- Freeport murder suspect Damon Dixson taken into custody in Rockford
- Local gas station employee arrested for selling liquor to minor
- Renewable Fuel Standard delay ‘a mixed blessing,’ Bustos says
- Rockford delegation presents inaugural ‘Rockford Award’ to Norwegian Air
- Education in Illinois making slow progress, according to report
- Illinois GOP Congressional delegation: Obama’s immigration plan undermines rule of law
- Suspect, 17, charged in Halloween hit-and-run in Roscoe
- Saint Anthony College of Nursing president to retire
- Man found guilty in deadly August 2013 crash at Mulford and Garrett Lane
- ‘The Price is Right Live!’ at Coronado March 1; tickets on sale Nov. 21
A letter from the editor
Editor’s note: The following letter was given to Rockford Ald. Doug Mark (R-3), Rockford Mayor Lawrence J. Morrissey (I) and Rockford Police Chief Chet Epperson at the Aug. 3 Rockford City Council meeting.
DATE: Aug. 3, 2009
TO: Alderman Doug Mark
Rockford City Council
Mayor Lawrence J. Morrissey Chief Chet Epperson
RE: Homeless people and the loitering problem in the River District, specifically in the 400 and 300 block of Mulberry Street.
After many calls to the non-emergency number of the 911 center, after the arrests of two people who threatened myself or my employees, and the ticketing of a person for public urination in the 400 block of Mulberry Street, I have a compliment to offer.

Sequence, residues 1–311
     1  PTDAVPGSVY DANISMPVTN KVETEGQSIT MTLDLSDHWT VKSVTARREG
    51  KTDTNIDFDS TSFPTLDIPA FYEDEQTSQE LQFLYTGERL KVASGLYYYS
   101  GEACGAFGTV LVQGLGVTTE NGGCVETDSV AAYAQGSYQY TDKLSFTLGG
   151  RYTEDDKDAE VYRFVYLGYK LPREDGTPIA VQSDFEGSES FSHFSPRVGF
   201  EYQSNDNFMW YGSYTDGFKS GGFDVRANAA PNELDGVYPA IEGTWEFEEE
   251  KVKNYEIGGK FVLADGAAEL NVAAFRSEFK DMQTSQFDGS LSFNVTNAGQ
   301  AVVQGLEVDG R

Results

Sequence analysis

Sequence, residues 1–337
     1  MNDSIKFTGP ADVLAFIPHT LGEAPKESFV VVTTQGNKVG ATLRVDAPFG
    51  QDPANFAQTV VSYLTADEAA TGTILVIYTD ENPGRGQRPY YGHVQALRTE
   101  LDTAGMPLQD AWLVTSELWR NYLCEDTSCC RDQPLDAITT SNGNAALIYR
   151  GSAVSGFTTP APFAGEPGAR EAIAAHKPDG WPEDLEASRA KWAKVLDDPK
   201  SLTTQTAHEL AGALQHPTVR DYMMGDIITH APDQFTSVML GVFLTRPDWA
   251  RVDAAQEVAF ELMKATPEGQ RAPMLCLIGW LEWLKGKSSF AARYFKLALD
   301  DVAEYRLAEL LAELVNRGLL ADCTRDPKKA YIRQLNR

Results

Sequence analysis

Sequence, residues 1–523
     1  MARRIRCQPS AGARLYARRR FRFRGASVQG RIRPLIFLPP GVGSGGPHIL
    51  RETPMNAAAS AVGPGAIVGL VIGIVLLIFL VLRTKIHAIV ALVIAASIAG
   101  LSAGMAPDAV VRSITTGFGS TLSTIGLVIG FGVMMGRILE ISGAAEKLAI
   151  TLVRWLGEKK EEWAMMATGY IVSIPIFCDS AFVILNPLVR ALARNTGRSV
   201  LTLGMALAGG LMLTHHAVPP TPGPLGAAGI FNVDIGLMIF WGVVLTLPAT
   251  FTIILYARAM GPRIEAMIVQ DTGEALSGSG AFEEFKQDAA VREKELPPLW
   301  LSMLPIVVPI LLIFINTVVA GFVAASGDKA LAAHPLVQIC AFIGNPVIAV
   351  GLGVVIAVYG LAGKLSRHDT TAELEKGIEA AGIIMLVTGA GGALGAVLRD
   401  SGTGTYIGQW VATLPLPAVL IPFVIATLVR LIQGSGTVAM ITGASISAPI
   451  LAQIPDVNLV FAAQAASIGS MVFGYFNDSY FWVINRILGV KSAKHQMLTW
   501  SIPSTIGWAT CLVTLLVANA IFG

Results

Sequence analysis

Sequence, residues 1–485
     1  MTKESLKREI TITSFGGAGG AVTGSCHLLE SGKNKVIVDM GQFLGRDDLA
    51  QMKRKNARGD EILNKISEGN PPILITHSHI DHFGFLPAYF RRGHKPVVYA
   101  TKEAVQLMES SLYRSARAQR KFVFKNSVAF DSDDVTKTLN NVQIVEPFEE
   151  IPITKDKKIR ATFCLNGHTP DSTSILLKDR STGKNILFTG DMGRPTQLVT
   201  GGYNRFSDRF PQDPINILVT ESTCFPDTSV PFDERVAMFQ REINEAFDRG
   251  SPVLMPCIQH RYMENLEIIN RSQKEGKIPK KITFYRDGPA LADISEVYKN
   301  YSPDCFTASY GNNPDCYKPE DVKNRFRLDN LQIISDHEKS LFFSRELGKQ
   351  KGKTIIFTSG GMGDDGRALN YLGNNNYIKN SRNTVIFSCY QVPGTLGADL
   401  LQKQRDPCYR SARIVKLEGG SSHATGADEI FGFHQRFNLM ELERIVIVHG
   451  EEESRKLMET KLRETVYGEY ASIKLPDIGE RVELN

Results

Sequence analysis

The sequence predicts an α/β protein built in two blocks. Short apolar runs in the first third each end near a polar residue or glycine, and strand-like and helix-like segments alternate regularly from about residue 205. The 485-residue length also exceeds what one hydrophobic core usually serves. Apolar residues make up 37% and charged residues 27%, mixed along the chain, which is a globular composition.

The Rockford Police Department has done a fine job of responding to all of these calls, despite the heavy call load at the 911 center. Mayor Morrissey, Doug Mark and specifically Chief Epperson have responded in a very extensive manner: with more bike cops, more frequent squad visits, and the address of specific areas where the homeless or indigent gather. Chief Epperson even came to our neighborhood and talked personally to all the business owners who have been affected by the new crop of homeless people brought in from God knows where. Thank you, Mr. Mayor, Alderman Mark and Chief Epperson!
However, the real and long-term solution to this problem rests in the expansion of the personal approach taken by the chief. We need two to three sets of officers we really know in our neighborhood, and I think many business owners would echo that request. A personal relationship between the people and businesses on the street and these officers would solve many problems of a transient nature. Yes, I’m requesting beat cops. A policeman walking the beat in a neighborhood would know all the characters (including myself) affecting the quality of a neighborhood, and such a program would promote good service and good will for the police department in the community. A squad car parked on Mulberry with an officer walking the area would be a massive and consistent deterrent to crime, panhandling, and the hanging out that damages many businesses’ operations and wherewithal, and not to mention the image of our “new Main Street” being born in the River District. Please give us some beat cops! We love ’em!
Editor and Publisher, The Rock River Times
from the August 5 – 11, 2009 issue